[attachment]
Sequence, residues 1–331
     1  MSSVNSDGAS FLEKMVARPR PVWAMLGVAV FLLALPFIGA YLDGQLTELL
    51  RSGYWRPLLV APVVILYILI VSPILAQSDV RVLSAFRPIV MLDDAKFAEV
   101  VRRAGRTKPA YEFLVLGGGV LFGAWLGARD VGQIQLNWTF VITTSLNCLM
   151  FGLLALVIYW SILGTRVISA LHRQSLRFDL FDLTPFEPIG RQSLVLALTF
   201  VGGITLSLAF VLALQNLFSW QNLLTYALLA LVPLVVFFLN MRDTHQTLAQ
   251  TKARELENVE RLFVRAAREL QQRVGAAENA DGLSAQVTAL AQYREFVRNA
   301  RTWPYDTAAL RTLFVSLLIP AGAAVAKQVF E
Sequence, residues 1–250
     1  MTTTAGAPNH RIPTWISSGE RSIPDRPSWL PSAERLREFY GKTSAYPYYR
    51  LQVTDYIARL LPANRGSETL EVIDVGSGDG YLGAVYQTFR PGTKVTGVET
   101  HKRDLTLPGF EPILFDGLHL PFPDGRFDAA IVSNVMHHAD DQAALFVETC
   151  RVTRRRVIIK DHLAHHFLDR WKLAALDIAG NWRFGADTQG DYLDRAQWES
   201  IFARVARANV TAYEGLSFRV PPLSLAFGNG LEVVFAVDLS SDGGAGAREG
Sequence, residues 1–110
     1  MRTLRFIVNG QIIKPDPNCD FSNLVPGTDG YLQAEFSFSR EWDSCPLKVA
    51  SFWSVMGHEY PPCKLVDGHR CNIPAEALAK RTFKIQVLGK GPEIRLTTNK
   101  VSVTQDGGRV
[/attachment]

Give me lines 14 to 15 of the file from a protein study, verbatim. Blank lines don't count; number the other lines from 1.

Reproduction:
   201  IFARVARANV TAYEGLSFRV PPLSLAFGNG LEVVFAVDLS SDGGAGAREG
Sequence, residues 1–110